Customers under the microscope
FROM PILOT PROJECTS TO DYNAMIC PRICING products, U.S. electric utilities are taking a clearer, more microscopic look at the needs of their customers, segment by segment, before launching.
As one utility insider recently quipped, the focus has turned from "what's good for the utility is good for the customer" to "what's good for the customer is good for the utility."
New data, and the ability to analyze it even more specifically have led to the ability for utilities to build more complete customer profiles. Age, income, neighborhood, electrical usage patterns and more all play roles in better defining customer preferences-and perhaps even needs-for the utility.
Data and dynamic segmentation
Data is playing an increasing role in the electric utility's daily operations, as well as its plans for the future. "The data theme continues to weave its way through the future of energy and the needs of our customers," said Alan Dulgeroff, director of IT enterprise and corporate systems for Sempra Utilities, in a recent Intelligent Utility Reality webcast, "Lessons Learned: How Utilities Leverage Data."
Meter interval data, in particular, is a primary source of new information. For OGE Energy Corp., it's key to the company's efforts in customer segmentation. "Essentially, where we see meter interval data is the ability for us to do what we're calling dynamic segmentation," said Paul Dick, OGE's director of enterprise information management. "To be able to slice up our customers in all these new ways, to get that insight into what these new segmentations are with the customers and the way they react reflects the services that we offer them."
But it also offers OGE other opportunities. "As well, this is now giving us the ability to enhance load curve analysis, and be able to do that across all segments using the segments that were created in the dynamic segmentation, so that we can now do rate-making, and look beyond the traditional methods of load research-type meters, and the interval data that they provide on a statistical sampling," Dick said.
Customer segmentation for energy efficiency messaging
Pepco Holdings, Inc., which serves 1.9 million customers through its regional subsidiaries Pepco, Delmarva Power and Atlantic City Electric, realized that it needed a new brand positioning and messaging platform to support its energy efficiency, demand response and overall smart grid efforts. As well, it wanted to move its customer engagement efforts forward, in an effort to better position each regional electricity provider as a trusted energy advisor for its customers.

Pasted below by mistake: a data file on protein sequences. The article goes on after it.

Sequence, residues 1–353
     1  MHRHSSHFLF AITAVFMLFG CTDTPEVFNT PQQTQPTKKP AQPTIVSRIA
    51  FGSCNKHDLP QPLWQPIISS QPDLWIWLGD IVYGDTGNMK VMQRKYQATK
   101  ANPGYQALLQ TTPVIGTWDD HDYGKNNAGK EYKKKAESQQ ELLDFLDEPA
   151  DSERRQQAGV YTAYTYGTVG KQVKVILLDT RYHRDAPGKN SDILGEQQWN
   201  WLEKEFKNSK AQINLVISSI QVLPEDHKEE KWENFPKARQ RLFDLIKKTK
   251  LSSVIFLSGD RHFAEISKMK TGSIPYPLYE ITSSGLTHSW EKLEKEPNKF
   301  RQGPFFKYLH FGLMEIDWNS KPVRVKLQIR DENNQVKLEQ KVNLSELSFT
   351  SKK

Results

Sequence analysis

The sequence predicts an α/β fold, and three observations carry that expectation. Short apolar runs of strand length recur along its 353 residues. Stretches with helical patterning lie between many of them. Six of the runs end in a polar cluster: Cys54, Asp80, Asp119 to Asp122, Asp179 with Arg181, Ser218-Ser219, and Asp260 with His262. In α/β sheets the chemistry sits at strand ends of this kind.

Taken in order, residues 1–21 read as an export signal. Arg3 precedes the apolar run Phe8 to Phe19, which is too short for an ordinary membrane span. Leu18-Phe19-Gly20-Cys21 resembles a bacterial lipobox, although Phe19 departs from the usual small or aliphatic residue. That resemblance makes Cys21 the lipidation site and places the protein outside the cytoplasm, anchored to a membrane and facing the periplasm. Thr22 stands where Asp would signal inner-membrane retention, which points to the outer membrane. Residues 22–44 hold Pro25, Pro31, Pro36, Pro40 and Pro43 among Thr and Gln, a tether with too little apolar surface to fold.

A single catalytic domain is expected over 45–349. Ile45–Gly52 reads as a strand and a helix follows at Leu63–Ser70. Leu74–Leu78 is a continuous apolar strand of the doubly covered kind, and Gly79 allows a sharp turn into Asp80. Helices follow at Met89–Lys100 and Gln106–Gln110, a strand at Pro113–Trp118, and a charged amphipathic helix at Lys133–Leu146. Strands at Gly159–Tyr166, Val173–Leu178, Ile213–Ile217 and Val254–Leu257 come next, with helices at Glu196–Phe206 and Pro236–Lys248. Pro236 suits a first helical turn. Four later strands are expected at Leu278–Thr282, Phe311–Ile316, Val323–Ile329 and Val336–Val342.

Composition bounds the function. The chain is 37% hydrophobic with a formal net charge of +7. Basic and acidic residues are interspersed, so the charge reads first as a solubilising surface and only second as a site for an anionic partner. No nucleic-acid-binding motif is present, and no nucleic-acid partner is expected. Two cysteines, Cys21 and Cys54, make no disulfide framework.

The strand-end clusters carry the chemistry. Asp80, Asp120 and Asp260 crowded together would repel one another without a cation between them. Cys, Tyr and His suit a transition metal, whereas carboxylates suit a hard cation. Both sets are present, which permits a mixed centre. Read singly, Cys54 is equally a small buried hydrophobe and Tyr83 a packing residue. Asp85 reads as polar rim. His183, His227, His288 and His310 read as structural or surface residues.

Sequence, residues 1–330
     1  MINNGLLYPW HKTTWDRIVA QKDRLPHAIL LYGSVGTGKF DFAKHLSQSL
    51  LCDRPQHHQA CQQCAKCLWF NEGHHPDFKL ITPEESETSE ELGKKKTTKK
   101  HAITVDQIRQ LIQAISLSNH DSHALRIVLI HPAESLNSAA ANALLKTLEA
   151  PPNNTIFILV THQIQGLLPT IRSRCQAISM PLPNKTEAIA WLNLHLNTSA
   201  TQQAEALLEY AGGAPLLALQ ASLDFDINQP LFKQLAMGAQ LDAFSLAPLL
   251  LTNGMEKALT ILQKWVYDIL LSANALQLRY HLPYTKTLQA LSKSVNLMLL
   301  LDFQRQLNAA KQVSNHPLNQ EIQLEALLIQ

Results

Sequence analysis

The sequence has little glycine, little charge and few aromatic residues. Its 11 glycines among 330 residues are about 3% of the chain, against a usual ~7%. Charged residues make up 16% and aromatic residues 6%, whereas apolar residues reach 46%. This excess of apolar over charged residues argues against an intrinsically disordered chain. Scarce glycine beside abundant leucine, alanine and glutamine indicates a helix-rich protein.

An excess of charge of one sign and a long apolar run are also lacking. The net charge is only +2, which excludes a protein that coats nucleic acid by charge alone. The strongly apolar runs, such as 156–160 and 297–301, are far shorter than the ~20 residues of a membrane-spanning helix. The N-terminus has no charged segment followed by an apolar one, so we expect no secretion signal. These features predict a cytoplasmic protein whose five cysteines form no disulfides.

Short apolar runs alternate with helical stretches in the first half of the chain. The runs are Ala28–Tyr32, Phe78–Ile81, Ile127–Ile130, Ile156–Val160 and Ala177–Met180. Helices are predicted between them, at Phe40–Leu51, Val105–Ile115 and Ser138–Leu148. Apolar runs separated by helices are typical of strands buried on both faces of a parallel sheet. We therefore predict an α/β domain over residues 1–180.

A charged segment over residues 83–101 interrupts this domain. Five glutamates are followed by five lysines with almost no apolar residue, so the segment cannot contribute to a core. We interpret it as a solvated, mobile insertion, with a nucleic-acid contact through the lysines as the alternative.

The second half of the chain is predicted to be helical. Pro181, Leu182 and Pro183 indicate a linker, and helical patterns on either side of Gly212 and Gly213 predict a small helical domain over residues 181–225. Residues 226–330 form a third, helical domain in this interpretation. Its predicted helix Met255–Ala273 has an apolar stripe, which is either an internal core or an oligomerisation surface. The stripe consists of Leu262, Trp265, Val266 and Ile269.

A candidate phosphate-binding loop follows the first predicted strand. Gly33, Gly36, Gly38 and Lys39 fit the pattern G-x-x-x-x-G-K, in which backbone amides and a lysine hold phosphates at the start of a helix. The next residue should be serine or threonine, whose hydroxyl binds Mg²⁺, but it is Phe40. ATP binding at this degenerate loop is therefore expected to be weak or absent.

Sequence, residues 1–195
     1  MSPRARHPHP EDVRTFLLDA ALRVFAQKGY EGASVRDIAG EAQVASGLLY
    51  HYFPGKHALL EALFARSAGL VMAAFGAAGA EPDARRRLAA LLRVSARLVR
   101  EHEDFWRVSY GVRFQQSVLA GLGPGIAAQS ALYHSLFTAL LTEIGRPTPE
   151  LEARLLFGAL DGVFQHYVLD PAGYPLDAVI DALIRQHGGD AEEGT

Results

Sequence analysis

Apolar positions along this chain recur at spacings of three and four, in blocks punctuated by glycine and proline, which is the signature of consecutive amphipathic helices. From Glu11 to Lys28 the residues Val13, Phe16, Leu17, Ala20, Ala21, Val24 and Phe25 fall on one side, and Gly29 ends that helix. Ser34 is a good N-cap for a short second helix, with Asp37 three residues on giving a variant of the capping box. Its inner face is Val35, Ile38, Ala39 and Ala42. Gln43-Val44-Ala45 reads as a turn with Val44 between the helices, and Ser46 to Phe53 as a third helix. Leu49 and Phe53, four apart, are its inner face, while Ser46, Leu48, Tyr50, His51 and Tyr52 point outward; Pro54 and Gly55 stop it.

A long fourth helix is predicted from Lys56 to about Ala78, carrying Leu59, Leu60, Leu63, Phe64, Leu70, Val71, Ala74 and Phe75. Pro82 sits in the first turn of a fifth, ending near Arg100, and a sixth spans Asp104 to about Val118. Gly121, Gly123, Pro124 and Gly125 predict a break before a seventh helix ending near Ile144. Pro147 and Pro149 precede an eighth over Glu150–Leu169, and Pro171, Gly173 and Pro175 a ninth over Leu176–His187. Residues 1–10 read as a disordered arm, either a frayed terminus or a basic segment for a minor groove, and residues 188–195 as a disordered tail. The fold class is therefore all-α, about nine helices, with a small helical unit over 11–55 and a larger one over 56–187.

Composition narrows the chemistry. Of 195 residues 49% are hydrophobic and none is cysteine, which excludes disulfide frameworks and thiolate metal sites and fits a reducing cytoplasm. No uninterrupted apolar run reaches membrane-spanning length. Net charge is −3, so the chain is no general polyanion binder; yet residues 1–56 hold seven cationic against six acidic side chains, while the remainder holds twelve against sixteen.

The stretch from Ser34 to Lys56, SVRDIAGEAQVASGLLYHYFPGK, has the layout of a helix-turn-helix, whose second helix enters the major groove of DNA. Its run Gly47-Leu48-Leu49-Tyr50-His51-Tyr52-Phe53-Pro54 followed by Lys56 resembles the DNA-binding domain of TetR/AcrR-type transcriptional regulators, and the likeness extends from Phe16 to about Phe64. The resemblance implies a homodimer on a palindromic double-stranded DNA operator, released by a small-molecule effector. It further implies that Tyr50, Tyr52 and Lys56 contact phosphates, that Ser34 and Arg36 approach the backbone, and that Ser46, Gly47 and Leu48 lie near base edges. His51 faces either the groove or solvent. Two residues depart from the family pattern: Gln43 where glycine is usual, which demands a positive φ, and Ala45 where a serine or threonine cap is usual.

The first step? Identify and profile key customer segments to focus messaging, marketing efforts and resources.
The result? Key customer segments were identified and profiled, and a three-year marketing plan was built around the core identified audiences to help reposition the organization and its regional brands. An integrated marketing communications plan was built that appealed to specifically identified audiences in ways that attracted their attention (i.e., a mix of traditional and new media, a visual platform with emotional appeal, etc.).
"The days of viewing customers through three large prisms-commercial and industrial (C&I), residential and residential low income-have long passed," said Charles Dickerson, vice president of customer care for Pepco Holdings. "They have different strengths and need to be communicated to in a way that resonates with them. In order to be effective in the communications space, the traditional views need to be disaggregated.
"Segmentation is a very effective tool to accomplish that objective. It allows the message creator to develop a message that will be tailored to a customer's preference for how they want to be communicated to and what messages are likely to be well received."
Working outside the box
In the past, customer segmentation, for the most part, never got past the basics: residential, small business, commercial/industrial, etc.
And while there has always been an understanding that not all residential customers are alike, data mining has given the industry the ability to make that knowledge actionable. And we're just scratching the surface of what's possible.
"The evolution of the customer and the grid analytics capability are just being scratched at this point," OGE's Dick said. "We're working to integrate those two together, and we're looking forward to future innovations. We're all creating methods to implement those."
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